Since the initial assessment of the traumatized child determines the direction of subsequent treatment, it is essential that this evaluation be precise and thorough. An exact description of the accident and the injuring force or object may provide important clues to the potential for serious intra-abdominal injury. Falls against sharp objects (such as the edge of a table or the handlebar of a bicycle), direct blows to the abdomen (such as a kick), or multiple injuries suffered in an auto accident may be associated with serious intraabdominal damage, no matter how insignificant the findings may appear on initial examination. If the injury is penetrating, the length and the type of instrument are important; in the case of gunshot wounds, the caliber of the missile, the type of shell, and the distance of the subject from the firearm all may provide important clues to the relative potential for injury and the type of treatment that may be required. In the case of the child who has been struck by an automobile, the speed of the vehicle, the site of initial impact, and the subsequent trajectory of the body - during which additional injuries may have been sustained - are all important aspects of the history that require thorough documentation. The amount of time that has elapsed between injury and arrival at the treatment center may also aid the physician in assessing the seriousness of the injury. In children, just as in adults, it is important to ascertain the presence of associated anomalies or illnesses that may increase the potential for injury or complicate the usual treatment regimen. Finally, in spite of the importance of an accurate and complete history, this information may be unobtainable in the comatose child or unreliable in the case of the "battered child."
The first step in examining the patient with suspected abdominal trauma, just as in other injuries in childhood, is a rapid overall inspection and assessment of the patient's condition. The presence of multiple injuries increases the potential for intra-abdominal trauma. Hypovolemic shock in the absence of an obvious source of external blood loss raises the question of hidden intrathoracic or intra-abdominal bleeding. In children, it is rare for head injuries, including scalp lacerations, or closed fractures of the extremities to produce sufficient blood loss to induce hypovolemic shock. Visible signs - such as scratches, hematomas, or contusions - may suggest a site of potential injury. Splinting of the thorax or abdominal musculature may provide an indication of serious underlying injury. Abdominal distention suggests acute gastric dilation, massive intraabdominal bleeding, or intestinal perforation. Evisceration may accompany extensive penetrating injuries to the abdomen and clearly indicates a need for surgical intervention.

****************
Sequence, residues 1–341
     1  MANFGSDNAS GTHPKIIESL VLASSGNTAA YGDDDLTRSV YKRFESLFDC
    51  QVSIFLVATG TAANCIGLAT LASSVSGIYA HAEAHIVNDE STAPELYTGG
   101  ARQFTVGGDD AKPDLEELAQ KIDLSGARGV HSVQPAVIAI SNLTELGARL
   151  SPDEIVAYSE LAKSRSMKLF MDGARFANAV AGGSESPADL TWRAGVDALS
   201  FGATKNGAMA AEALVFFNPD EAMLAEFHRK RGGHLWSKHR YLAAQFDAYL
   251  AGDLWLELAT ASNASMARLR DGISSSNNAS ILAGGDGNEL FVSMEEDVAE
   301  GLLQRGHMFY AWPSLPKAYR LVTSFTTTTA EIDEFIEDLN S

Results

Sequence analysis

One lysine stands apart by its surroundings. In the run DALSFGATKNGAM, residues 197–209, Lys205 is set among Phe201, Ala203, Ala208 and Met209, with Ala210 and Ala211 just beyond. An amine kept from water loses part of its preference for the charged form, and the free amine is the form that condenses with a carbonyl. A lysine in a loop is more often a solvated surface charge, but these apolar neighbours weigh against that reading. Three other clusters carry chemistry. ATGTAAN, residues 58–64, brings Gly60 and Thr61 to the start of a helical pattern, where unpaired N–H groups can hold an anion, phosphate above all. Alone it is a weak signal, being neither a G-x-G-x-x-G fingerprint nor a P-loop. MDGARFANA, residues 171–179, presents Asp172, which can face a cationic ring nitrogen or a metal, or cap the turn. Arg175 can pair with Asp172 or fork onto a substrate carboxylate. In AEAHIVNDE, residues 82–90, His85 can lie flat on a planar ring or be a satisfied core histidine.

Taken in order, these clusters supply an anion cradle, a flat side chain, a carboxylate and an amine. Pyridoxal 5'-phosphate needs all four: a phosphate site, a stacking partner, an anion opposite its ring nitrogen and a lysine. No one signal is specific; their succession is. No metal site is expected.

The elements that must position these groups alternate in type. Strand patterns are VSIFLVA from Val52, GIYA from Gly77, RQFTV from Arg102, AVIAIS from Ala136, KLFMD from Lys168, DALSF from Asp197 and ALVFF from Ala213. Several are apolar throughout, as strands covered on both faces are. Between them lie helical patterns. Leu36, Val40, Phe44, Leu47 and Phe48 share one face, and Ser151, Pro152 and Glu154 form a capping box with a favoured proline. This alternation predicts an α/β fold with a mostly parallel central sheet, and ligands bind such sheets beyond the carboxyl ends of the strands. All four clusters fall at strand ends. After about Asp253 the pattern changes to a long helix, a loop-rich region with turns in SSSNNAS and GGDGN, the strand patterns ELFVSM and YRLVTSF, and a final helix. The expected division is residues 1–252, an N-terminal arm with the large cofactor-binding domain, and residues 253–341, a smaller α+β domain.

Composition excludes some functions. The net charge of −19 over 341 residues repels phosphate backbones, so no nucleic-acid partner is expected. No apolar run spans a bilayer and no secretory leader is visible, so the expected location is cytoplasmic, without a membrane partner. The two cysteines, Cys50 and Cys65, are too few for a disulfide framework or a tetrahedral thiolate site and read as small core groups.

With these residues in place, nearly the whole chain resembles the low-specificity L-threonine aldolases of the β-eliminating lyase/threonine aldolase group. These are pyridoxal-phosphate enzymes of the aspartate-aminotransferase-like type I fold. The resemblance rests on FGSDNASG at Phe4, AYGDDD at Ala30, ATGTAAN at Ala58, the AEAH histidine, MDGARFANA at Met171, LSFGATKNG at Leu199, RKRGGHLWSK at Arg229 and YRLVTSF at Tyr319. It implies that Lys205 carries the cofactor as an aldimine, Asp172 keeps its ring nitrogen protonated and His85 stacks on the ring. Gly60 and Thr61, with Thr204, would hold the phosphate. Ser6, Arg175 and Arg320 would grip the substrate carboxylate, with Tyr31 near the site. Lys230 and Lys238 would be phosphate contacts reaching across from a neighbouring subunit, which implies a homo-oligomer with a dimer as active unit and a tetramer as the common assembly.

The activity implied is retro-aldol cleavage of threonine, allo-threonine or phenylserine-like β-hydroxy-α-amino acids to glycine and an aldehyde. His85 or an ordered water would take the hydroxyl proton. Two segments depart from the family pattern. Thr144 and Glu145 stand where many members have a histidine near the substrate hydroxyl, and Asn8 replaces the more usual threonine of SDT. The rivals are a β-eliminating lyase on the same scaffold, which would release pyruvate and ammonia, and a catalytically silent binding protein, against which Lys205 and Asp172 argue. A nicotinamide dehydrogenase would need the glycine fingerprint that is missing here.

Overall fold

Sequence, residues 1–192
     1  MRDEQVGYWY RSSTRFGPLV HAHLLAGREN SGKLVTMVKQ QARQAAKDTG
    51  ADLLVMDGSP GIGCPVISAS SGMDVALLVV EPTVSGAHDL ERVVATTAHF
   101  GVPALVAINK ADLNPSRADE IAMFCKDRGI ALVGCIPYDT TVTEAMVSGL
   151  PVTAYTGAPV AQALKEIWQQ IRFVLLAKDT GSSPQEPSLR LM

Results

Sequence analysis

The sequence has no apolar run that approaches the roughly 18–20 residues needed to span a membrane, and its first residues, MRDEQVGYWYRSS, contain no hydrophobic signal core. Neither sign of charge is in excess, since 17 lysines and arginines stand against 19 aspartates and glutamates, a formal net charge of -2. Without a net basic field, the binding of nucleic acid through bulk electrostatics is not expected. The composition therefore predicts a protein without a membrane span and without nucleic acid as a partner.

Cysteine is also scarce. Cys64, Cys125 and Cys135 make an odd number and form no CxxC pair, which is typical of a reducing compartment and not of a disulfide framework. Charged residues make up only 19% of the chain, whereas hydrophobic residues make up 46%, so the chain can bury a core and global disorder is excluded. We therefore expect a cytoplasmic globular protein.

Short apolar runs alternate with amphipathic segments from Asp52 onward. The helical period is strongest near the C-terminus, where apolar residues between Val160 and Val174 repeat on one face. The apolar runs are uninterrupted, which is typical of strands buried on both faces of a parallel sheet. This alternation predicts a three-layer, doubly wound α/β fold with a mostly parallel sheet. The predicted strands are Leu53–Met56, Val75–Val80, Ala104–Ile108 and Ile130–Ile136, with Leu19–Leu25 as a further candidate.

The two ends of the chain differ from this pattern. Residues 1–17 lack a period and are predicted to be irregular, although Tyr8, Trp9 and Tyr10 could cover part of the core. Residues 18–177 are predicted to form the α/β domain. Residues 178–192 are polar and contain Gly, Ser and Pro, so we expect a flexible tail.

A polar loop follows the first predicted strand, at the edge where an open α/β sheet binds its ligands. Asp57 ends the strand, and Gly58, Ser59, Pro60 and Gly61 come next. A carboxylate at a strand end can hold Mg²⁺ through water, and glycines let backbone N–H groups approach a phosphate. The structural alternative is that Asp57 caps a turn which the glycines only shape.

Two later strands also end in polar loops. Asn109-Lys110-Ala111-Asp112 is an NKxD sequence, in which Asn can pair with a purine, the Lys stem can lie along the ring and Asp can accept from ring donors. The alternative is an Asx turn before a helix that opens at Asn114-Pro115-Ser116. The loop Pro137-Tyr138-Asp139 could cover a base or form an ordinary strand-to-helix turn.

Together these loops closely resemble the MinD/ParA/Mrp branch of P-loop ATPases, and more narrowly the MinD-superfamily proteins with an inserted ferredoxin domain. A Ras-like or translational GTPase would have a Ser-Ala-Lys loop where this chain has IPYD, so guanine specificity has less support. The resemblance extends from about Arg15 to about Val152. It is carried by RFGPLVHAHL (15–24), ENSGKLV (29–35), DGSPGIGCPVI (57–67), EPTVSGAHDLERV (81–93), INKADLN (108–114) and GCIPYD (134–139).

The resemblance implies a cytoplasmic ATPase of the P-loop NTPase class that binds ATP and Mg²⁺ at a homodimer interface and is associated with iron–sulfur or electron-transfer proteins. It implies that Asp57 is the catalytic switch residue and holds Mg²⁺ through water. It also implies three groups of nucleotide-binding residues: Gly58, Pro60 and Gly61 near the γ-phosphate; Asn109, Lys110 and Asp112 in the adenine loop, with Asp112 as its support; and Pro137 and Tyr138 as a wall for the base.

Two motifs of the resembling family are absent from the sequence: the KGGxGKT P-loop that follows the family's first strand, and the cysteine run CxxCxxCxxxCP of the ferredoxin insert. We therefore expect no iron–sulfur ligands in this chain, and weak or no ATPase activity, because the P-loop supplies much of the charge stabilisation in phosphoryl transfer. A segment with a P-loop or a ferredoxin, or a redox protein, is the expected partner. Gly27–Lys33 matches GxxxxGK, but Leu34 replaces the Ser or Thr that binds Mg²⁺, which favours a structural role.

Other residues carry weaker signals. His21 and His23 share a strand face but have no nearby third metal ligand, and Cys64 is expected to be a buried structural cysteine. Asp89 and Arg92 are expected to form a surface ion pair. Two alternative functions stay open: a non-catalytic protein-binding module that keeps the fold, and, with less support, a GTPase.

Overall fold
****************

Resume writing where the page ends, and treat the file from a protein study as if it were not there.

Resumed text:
Before proceeding with the physical examination, the physician should invest a few moments to win the confidence and trust of the child and thus assure his cooperation and enhance the validity of subsequent observations. Few tasks in clinical medicine are more challenging than attempting to examine the abdomen of an apprehensive, struggling child.4 The vital signs should be noted as a baseline for subsequent serial monitoring. Palpation and compression of the rib cage and pelvis may reveal evidence of fractures, which, in turn, suggest the possibility of injury to underlying intraabdominal organs. Light percussion of the abdomen may help in identifying peritoneal irritation. Evaluation may be assisted by allowing the child to place his hand beneath that of the examining physician. During auscultation over the abdomen, light pressure may be exerted and areas of tenderness further defined. Placement of an injured child in the parents' arms may encourage him to relax and may facilitate examination. Palpation of the abdomen and flanks may alert the physician to the presence of intra-abdominal masses or enlarged organs. The presence or absence of bowel sounds and their subsequent disappearance on serial monitoring may provide important clues as to the seriousness of intraabdominal trauma. Measurements of the abdominal girth at the level of the umbilicus should also be recorded.